If anyone has a sensitive stomach, or stringent principles, this post may not be to taste. Season as desired or pass it on to a less finicky foodie neighbor, ‘as you like it’.
Spring is a season of beginnings.
The land awakes, stretches a bit, and cries out loud. Flowers cover the grassy hills in velvet carpets of technicolor.The sky wears its bluest blue, and brand new leaves shoot forth from dormant hiding places. Living things rejoice and congregate, freed from the barriers of winter, and then multiply.
I must now broach a bony subject. After reading a great post by my friend Nancie McDermott on shad roe, I eagerly jumped back into a shad-habit of spring consumption. Also worth noting is her subsequent post on The Lee Brothers Dinner. Their Cookbook contains a great treatment of Shad as well and a few key tidbits on what to do with them.
American Shad, or Alosa sapidissima, is a fish of the east coast which historically has spawned in every accessible river and tributary from Canada to Florida. (see Maryland Dept of Natural Resources link enclosed) Native Americans, or American Indians, were therefore first known to be shad fishermen as a group in the United States. It is now one of the most popular indigenous fish, in its season.They are the largest in the herring family and the most abundant anadramous fish on the east coast. The females may travel up to 1200 miles during the freshwater spawning process. The juvenile’s larval development actually would not occur in saltwater. Interestingly enough, mature shad actually return to the rivers of their birth for this process, and could therefore be called “river-specific”.
They are also incredibly delicious! It may be true that tuna is referred to as seafood ‘chicken’. But the flesh of shad is very meaty, light, and flavorful. Frankly, it is even good right out of the fridge cold…remind one of anything? With all this loveliness to offer, there cannot possibly be any downside, can there? Well… there may be a slight challenge. The average American shad contains anywhere from 750-1000 bones! That is a very thoughtful dinner, indeed!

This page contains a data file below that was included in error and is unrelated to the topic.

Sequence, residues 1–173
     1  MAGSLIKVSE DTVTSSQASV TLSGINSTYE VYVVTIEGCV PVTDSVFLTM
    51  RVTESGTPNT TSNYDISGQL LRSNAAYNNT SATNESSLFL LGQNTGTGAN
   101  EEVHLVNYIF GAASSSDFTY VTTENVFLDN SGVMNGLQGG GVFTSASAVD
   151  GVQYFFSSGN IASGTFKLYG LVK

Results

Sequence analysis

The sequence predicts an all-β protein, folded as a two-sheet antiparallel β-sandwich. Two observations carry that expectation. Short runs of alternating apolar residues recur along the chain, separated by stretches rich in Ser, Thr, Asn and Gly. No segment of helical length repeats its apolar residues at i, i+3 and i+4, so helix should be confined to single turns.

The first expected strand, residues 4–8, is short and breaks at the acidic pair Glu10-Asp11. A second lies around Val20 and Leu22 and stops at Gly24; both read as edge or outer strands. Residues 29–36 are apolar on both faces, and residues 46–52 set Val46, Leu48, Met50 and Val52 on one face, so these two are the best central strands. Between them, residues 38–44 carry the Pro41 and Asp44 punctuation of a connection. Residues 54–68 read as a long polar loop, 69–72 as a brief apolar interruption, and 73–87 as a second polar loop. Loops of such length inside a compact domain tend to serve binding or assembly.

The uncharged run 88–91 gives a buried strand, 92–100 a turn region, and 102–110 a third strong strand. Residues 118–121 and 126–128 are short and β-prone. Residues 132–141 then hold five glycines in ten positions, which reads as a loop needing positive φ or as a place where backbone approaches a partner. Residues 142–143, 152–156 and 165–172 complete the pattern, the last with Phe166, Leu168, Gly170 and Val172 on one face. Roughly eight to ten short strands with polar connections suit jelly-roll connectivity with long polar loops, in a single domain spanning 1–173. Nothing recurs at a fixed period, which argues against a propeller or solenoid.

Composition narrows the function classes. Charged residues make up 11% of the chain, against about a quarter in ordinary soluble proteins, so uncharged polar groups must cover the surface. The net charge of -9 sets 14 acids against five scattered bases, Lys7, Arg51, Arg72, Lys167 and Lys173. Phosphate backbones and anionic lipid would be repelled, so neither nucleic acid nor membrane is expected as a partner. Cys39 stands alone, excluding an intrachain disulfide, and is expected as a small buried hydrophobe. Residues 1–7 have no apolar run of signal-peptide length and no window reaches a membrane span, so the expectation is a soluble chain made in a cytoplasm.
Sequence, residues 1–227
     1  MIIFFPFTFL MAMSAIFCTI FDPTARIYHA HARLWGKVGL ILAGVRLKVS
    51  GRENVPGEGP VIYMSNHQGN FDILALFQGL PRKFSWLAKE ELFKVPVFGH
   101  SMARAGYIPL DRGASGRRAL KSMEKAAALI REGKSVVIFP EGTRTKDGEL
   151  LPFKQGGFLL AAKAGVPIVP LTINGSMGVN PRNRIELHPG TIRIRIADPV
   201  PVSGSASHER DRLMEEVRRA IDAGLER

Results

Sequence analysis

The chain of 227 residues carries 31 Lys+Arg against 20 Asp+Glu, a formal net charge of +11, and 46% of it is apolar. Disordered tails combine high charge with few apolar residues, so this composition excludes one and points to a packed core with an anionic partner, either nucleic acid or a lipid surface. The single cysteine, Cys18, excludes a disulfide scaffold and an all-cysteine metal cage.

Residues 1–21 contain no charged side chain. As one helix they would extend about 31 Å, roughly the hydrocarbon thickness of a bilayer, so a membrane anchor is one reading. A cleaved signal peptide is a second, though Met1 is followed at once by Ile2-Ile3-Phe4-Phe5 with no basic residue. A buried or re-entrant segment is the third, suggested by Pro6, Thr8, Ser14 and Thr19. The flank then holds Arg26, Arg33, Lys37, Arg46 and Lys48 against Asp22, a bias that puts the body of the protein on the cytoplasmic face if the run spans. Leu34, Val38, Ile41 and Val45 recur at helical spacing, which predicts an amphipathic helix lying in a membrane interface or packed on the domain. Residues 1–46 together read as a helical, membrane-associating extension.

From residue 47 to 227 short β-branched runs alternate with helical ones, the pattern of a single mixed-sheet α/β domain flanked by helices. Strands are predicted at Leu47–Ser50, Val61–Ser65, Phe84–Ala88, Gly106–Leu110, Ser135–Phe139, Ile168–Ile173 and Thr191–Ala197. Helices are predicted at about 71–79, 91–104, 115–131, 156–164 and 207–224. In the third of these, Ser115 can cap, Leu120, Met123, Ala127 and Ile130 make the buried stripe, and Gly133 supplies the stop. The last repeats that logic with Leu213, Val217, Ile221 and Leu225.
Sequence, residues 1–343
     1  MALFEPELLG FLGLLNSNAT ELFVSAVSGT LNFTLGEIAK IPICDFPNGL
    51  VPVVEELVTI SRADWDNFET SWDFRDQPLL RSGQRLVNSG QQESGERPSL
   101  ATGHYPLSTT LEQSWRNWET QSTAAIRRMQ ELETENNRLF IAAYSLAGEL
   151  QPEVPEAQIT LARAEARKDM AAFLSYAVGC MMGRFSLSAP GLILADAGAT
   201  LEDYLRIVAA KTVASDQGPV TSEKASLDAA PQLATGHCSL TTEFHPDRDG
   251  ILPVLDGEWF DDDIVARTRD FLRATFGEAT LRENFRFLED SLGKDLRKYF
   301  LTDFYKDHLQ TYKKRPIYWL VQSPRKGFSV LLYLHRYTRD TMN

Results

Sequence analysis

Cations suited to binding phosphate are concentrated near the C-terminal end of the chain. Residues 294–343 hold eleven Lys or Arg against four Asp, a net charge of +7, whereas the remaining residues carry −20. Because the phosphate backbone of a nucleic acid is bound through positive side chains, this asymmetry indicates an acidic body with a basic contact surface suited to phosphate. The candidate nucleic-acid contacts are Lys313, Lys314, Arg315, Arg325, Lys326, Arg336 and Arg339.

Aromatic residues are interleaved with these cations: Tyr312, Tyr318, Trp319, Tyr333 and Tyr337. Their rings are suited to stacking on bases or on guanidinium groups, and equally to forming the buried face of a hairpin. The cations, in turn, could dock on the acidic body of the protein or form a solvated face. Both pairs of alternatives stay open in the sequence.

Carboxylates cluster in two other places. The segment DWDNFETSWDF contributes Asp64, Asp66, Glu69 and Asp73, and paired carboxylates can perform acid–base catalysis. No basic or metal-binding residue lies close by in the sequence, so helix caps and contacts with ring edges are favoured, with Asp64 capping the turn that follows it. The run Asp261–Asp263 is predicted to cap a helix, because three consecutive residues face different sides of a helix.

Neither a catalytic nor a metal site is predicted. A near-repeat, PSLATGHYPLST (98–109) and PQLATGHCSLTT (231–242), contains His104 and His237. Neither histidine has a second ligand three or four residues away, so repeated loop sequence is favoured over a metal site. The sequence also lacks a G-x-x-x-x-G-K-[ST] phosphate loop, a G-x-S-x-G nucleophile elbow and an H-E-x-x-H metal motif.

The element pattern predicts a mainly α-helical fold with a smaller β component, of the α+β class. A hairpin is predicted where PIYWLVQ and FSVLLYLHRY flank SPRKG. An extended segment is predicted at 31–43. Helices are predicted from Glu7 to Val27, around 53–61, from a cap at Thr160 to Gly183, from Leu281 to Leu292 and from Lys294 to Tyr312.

…And think I did. I first tried a recipe I’d used previously which dissolved the bones… I thought I remembered, I reckon, maybe. Slow baking with all my might, those multitudinous ‘thorns in the flesh’ stayed put and I racked my bean trying to recall what I did differently the last time. Apparently, after much research and sourcing of available advice on the issue, the only way to truly be rid of the ‘interruptions’ is to find one’s very own bonafide shad fillet person and care for them dutifully.
Nevertheless, I had a wonderful time eating it, as well as the roes. But as for the prickly situation I encountered, I contacted Nancie to get her thoughts on the subject. We agreed that it was well worth the effort regardless, and she suggested baking it covered with rock salt, which was also delicious.
Giving it another go, I got permission from the gents at my local seafood market to watch them fillet a few. The experience was eye-opening. Really, because had I blinked, I would have missed it. They stripped it down to fillets in an instant, but this only separated the shad from its primary back bone. There were still several rows of secondary bones to contend with, which I did.
My preferred experience is now to buy it whole, scale it, and separate the roes from their mommy themselves. (Sorry kids!) This keeps my roes intact for further research purposes!
|“Double Shad Delight” with the brine from about.com recipe,
then slow- baked with broth or water to braise, and bay leaf.